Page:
While Solyndra's CEO assured Congress that its finances were improving, the company was preparing documents showing its weakening health, a House committee learned last week.
House Republicans released a memo yesterday outlining how they see the Solyndra story, from its origins under President George W. Bush's Department of Energy to bankruptcy and a Federal Bureau of Investigation raid last week.
Solyndra received a $535 million federal loan in 2009 to build a solar-manufacturing plant in California, but the company collapsed suddenly two weeks ago, igniting criticism of the White House's clean energy plan. The Republicans' memo previews how Republicans will question the company and DOE brass when they arrive on Capitol Hill tomorrow.
In July, the memo says, CEO Brian Harrison met with several members of Congress to say that Solyndra's revenues were growing. However, last week, staff from the House Energy and Commerce Committee met with DOE and heard a different story.
"DOE Loan Programs Office staff stated that during that same period [July], the company was preparing to restate some of its projected financial statements to reflect increasing market and pricing pressures on its products, resulting in decreased revenues," the memo says.
When Solyndra's investors found out, they balked at providing further funding to the company. DOE began looking for other investors, in the hopes of "restructuring" Solyndra's debt load and keeping the company running.
DOE had already done this once -- in February, when it took the unusual step of giving private investors the first claim on repayment, in exchange for Solyndra getting a $75 million lifeline.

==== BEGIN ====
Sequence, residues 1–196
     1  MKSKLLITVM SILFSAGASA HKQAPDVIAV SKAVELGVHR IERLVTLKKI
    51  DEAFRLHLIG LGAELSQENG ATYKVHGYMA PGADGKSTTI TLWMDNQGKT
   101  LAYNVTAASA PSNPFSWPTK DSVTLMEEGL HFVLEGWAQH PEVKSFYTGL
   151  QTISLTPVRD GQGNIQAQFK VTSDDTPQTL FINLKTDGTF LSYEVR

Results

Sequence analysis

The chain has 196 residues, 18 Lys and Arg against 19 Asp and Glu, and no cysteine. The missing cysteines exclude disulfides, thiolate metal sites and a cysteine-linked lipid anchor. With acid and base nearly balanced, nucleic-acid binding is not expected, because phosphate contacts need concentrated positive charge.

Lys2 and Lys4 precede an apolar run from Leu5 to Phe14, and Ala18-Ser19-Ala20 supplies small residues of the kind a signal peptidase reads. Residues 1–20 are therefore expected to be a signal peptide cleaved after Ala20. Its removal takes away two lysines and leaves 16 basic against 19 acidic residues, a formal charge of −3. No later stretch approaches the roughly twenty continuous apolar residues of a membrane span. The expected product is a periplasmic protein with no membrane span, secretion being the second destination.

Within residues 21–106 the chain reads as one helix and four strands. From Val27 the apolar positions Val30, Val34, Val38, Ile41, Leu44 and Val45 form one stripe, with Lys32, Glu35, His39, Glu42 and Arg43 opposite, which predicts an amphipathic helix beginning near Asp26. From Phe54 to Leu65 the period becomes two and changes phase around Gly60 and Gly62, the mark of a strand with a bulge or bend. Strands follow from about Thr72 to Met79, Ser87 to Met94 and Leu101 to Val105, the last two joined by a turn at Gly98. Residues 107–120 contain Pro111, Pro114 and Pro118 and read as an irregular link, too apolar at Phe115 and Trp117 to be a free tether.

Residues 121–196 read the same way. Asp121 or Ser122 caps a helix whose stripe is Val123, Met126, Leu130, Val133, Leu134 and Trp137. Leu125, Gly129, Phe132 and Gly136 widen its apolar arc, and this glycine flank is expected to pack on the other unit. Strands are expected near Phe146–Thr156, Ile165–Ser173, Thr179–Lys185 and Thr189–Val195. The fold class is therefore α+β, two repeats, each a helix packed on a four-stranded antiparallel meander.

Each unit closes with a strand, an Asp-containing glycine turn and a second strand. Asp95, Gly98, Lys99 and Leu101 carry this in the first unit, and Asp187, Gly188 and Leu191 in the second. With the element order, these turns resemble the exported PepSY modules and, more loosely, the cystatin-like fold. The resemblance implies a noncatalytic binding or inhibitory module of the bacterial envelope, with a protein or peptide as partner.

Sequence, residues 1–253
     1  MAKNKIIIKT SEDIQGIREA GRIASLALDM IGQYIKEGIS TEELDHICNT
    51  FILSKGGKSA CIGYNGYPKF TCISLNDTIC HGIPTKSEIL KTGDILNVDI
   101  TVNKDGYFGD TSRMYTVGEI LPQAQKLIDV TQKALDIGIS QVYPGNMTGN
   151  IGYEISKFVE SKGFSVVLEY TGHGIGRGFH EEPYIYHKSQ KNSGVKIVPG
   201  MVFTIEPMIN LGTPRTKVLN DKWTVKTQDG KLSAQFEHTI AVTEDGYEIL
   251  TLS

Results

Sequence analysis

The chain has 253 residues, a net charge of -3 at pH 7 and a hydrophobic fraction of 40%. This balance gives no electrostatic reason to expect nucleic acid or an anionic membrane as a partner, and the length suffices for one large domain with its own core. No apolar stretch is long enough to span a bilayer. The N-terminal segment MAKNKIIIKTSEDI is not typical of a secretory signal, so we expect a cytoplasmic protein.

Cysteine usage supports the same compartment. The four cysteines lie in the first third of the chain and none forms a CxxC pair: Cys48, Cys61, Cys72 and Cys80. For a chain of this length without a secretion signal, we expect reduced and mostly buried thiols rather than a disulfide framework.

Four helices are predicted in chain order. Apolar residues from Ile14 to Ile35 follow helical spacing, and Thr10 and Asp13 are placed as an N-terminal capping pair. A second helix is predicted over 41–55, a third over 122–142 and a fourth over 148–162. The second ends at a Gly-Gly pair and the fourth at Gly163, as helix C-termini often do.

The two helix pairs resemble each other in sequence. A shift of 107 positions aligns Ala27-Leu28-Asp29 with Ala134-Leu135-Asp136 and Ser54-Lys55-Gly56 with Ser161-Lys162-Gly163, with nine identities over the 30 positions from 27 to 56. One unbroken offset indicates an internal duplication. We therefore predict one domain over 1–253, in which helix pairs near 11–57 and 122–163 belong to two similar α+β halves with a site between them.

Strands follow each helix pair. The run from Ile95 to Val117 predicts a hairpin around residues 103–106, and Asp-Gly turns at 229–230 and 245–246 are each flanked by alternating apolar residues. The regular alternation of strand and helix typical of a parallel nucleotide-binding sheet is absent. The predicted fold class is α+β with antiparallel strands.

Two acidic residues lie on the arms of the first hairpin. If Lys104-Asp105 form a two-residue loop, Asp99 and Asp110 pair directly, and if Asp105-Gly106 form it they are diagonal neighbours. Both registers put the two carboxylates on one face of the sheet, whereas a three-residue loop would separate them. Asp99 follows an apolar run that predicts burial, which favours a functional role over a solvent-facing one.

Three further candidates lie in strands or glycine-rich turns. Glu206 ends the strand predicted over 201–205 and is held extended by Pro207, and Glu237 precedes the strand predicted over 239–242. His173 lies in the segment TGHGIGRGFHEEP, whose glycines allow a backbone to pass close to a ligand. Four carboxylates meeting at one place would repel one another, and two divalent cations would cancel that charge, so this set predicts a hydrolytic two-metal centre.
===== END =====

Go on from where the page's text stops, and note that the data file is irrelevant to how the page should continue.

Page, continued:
OMB saw risk of loan, but later approved it
DOE couldn't find enough investors for another round, and it informed the company on Aug. 30. The Solyndra board met, agreed to file for bankruptcy, and announced that the next day, according to the memo.
The document also offers new details on how Solyndra was processed through DOE, a point of interest for congressional investigators who want to know if it was properly vetted.
Solyndra got its first approval from DOE in August 2007, when it scored 88 out of 100 in a technical review. It submitted a full application in August 2008, the memo says.
After President Obama's election, the Solyndra application made it to an approval committee. But the committee found too many holes, such as the absence of an independent market analysis, to approve it.
DOE hired a consultant to write that analysis, which it received on March 6, 2009. The application proceeded. Eleven days later, it arrived at a more senior approval board that included Energy Secretary Steven Chu.
This board negotiated terms with Solyndra and issued a "conditional commitment" -- an outline of the deal, assuming Solyndra met certain conditions. The company got to work raising its part of the money.
The last hurdle was Solyndra's "credit subsidy cost": essentially, a measure of how risky the loan was. DOE had given the Office of Management and Budget a figure, according to the Republican memo, but OMB felt DOE had underestimated the riskiness of the loan.
OMB recommended adjustments, which DOE accepted, and the loan guarantee was finalized on Sep. 2, 2009.
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